Monthly Archives: August 2013

A Timey-Wimey Blog

Time: the final frontier.

Or wibbly-wobbly, timey-wimey stuff, as The Doctor described it (in Doctor Who, for the uninitiated). Time is not as constant as we think. Time is relative, it bends and warps, its consistency a perpetual illusion.

Take this example…

On holiday on the Isle of Wight recently, we visited Luccombe Chine, an incredible woodland ravine lacerated through sheer rock faces. As we stopped the car in a small parking area by the footpath to the Chine, I noticed a hilly field opposite, bursting with buddleia bushes and wildflowers, and knew it had to be an amazing habitat for butterflies. Being a bit of a lepidopterist (I collected butterflies till my conscience kicked in during my mid-teens – now I like to photograph them), I had to go over the road with my camera to investigate, while my family waited for me by the car.

So I told Janine I’d be 2 minutes – I confess, I didn’t really believe it!

When I eventually returned to the car, my family, who for some reason (???) were growing impatient, reckoned I’d been in the field for ages – maybe 20 minutes.

I felt as if I’d been there for 2 minutes, as promised.

But I reckoned objectively I’d been there for as long as 5.

The reality was probably in between: about 10 minutes. Time is relative.

The field, as it turned out, was bustling with butterflies, with at least 14 different species that I counted in just a few minutes. In fact, I’m not sure I’ve ever seen so many species in such a short space of time in England, even on the Purbeck Hills or South Downs.

For those that are interested, the list included: Clouded Yellows, Marbled Whites, Chalkhill Blues, Painted Ladies and Small Tortoiseshells.

I was in my element, and time was very different for me than it was for Janine and the kids waiting for me. In that moment after returning to the car, a lightbulb flicked on in my head, answering a question I’d read just the day before in Rob Bell’s Love Wins:

So when people ask, “What will we do in heaven?” one possible answer is to ask: “What do you love to do now that will go on in the world to come?”

What is it that when you do it, you lose track of time, because you get lost in it? What do you do that makes you think, “I could do this forever”? What is it that makes you think, “I was made for this”?

If you ask these kinds of questions long enough, you will find some impulse related to creation. Some way to be, something to do. Heaven is both the peace, stillness, serenity, and calm that come from having everything in its right place – the state in which nothing is required, needed or missing – and the endless joy that comes from participating in the ongoing creation of the world 1.

As I read it, I thought of…

Running: at least, when I’m fitter than I am now. The freedom of running, like flying. The creativity, even, of running – like a dance. An opportunity to clear my head, pray and reflect. And more. ‘Born to Run’ is my all-time favourite running song, the title reflecting how I feel. But much of the time these days I’m battling against injuries, lack of fitness and too-warm weather. So, at the moment at least, I don’t feel ‘lost in’ running. Then I thought of…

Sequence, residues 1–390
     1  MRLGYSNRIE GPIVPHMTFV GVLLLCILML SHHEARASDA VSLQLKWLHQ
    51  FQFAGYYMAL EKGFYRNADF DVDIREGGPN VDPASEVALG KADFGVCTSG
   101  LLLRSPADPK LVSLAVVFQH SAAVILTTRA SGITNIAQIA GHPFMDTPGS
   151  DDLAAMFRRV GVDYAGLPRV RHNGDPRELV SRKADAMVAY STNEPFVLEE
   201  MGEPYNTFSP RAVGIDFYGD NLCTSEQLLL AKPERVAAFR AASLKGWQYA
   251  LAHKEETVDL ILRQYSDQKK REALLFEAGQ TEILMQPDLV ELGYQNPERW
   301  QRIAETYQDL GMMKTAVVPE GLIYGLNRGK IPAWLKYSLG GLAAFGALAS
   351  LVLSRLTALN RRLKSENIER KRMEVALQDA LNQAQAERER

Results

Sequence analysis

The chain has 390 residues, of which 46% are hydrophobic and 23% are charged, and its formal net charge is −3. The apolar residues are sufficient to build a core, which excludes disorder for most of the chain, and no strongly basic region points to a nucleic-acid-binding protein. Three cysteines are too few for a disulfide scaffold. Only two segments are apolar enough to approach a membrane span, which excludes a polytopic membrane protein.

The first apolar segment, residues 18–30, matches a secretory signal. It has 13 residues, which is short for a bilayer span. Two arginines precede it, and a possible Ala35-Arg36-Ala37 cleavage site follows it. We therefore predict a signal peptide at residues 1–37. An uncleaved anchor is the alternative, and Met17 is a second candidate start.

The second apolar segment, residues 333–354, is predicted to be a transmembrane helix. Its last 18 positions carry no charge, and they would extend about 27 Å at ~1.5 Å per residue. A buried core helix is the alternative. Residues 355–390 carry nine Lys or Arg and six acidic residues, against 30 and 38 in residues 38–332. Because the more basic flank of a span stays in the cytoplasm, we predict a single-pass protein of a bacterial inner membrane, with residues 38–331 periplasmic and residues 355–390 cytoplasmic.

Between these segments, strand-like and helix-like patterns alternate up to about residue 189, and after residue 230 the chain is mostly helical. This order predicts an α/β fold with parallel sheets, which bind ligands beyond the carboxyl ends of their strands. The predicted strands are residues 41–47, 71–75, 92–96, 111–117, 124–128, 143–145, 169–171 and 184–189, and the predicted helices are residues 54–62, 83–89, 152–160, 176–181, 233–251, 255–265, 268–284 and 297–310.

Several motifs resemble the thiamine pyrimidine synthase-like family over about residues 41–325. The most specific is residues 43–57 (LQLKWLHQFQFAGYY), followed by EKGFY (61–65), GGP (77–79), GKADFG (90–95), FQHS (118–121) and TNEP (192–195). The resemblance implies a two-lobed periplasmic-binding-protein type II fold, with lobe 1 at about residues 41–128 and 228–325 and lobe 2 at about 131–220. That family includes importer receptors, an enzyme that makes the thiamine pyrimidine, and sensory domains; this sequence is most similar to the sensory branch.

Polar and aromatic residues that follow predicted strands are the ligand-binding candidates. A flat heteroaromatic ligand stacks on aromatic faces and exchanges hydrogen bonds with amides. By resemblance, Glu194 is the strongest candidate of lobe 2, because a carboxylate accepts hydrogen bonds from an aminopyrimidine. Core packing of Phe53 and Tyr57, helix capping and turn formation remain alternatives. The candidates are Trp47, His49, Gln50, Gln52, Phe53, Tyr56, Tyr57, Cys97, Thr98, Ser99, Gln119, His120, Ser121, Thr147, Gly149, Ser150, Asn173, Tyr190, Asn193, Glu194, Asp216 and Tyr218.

Blogging. Yes, I also believe I’m born to write. I may not be an amazing writer, yet putting words to screen is undoubtedly something God has given me. A way to express myself – and hopefully reflect his grace to others (see ‘Why a Blog…?’). I don’t only enjoy writing – I need to write. And time does fly when I’m writing. But it doesn’t always flow that easily. So then I thought about…

My work – a nurse, with homeless people. More than a job – a calling, a vocation. I couldn’t be doing anything else, at least for now. But it has many demands and stresses, and more than its fair share of admin. On the Isle of Wight, I was glad to be on vacation from my vocation.

So I wasn’t that sure of my answer to Bell’s question, until…

That day in the field of butterflies. Not just butterflies. Being alone with nature. This is where I find sanity. Where I pray most easily. Where I can be truly me and lose track of time.

But actually all these activities: running, writing, nursing, being with nature, contain some element of creation: whether creating bridges with others, inspiring hope, bringing healing and self-worth, or simply restoring my own sanity.

As a friend once described this kind of busyness: ‘engaging with life’.

And I experience God is some way, different ways, in all those activities – a reflection, a taste, of how heaven is.

And you – you will answer that question, probably, in an entirely different way again.

Over the summer I read two books by Rob Bell: Love Wins and What We Talk About When We Talk About God (WWTA). I referred to WWTA in my last blog post Misnomers. I have to confess, I’m a bit of a Rob Bell fan. Big time. In fact, I think Time magazine may be right that “he could be one of the most important 21st century Christian thinkers”.

These two books have helped to re-open my eyes to the bigness of God and his love. The trouble with us Christians, sometimes, is that we claim a monopoly on God – when our ideas of God are just so small in comparison with his reality.